Osteonecrosis is a disease with a wide ranging etiology and poorly understood pathogenesis seen commonly in young patients. Core decompression has historically been used in patients with small-sized or medium-sized precollapse lesions in an attempt to forestall disease progression. Typically, an 8-10 mm wide cannula trephine is used to do this procedure. The authors report on a new technique using multiple small drillings with a 3-mm Steinman pin to effectuate the core decompression. In this report, there were 32 of 45 hips (71%; 35 patients) with a successful clinical result at a mean followup of 2 years (range, 20-39 months). Twenty four of 30 Stage I hips (80%; 23 patients) had successful outcomes compared with 8 of 15 Stage II hips (57%; 12 patients) with no surgical complications occurring with this technique. This procedure is technically straightforward and led to minimal morbidity with no surgical complications. It may be effective in delaying the need for total hip arthroplasty in young patients with early (precollapse) stages of femoral head osteonecrosis.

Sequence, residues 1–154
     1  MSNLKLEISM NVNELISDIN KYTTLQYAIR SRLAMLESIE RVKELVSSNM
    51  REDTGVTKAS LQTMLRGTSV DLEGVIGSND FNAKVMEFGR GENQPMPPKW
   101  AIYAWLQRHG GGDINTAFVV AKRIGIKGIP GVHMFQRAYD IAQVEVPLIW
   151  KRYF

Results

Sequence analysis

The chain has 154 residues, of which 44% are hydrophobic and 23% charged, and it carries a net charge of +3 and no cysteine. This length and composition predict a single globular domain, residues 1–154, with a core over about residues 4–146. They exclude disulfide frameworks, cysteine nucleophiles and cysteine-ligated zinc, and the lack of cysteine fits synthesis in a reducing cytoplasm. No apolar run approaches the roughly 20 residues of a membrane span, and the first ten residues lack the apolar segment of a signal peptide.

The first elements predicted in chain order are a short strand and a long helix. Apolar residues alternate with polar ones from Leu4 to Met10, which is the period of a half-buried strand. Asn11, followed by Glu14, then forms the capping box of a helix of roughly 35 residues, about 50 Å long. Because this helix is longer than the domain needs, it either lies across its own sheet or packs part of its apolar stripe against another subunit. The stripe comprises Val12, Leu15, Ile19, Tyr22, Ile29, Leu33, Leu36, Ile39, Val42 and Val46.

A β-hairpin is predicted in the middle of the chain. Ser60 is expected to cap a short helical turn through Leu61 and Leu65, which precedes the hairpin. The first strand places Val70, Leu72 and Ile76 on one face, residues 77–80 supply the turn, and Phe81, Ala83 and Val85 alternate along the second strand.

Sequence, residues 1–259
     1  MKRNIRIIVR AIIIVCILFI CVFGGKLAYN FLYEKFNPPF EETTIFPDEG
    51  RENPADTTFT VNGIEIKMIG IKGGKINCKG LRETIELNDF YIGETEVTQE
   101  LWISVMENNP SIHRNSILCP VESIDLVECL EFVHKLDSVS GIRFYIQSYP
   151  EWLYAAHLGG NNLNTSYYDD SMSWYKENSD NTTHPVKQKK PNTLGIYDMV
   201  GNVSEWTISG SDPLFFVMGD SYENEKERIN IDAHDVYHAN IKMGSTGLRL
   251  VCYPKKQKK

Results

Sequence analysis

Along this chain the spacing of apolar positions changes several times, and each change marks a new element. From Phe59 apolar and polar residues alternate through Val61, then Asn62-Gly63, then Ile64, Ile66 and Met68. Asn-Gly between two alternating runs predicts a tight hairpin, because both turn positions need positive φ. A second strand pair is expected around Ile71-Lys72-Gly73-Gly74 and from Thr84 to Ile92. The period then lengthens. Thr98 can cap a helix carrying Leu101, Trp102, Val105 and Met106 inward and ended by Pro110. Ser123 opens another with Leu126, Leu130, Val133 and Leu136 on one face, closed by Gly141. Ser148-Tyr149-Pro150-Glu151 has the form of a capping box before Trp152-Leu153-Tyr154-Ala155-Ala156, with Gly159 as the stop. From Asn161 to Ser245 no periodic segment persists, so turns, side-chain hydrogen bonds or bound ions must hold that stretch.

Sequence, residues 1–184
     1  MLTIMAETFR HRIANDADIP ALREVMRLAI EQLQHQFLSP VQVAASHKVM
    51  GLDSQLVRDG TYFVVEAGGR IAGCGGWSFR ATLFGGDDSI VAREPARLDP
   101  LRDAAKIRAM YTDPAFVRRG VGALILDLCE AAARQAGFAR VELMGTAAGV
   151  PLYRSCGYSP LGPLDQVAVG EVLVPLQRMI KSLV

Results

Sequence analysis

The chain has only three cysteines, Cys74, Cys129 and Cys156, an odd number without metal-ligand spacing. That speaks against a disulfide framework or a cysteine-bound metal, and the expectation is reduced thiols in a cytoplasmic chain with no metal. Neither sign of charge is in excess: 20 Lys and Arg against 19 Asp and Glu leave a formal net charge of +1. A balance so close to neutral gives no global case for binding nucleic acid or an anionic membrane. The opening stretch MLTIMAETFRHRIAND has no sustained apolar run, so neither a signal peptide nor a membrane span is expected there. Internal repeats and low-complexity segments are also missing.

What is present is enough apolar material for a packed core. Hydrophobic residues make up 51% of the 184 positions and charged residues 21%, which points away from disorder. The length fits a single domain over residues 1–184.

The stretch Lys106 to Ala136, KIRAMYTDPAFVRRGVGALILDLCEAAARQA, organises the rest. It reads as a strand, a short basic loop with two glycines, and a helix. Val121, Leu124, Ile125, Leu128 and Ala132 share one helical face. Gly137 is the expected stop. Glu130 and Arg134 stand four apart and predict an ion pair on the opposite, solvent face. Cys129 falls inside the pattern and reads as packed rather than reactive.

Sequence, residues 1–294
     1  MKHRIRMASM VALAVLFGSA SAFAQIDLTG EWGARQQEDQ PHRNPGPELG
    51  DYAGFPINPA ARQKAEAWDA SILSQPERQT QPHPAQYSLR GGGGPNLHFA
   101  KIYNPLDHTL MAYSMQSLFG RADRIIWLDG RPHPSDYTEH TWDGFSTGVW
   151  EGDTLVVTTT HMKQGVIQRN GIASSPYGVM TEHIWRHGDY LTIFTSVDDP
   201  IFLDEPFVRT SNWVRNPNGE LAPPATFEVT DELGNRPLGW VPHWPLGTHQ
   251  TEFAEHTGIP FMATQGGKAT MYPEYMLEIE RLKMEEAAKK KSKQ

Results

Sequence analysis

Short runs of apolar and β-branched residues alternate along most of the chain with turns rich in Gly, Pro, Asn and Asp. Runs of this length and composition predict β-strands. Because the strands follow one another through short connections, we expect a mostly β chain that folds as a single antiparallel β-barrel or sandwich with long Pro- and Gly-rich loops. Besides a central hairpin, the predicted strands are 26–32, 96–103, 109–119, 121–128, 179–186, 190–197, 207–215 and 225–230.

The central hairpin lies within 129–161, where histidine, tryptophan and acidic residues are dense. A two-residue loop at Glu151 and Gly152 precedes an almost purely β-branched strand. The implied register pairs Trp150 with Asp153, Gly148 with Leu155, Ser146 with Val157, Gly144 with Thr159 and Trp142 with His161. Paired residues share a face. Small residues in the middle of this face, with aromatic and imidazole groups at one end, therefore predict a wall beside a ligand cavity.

From the Sinai Hospital of Baltimore, Rubin Institute for Advanced Orthopaedics, Center for Joint Preservation and Reconstruction, Baltimore, MD.
Each author certifies that his institution has approved the human protocol for this investigation and that all investigations were conducted in conformity with ethical principles of research.
Correspondence to: Michael A. Mont, MD, Sinai Hospital of Baltimore, Rubin Institute for Advanced Orthopaedics, Center for Joint Preservation and Reconstruction, 2401 West Belvedere Avenue, Baltimore, MD 21215. Phone: 410-601-8500; Fax: 410-601-8501; E-mail: Rhondamont@aol.com.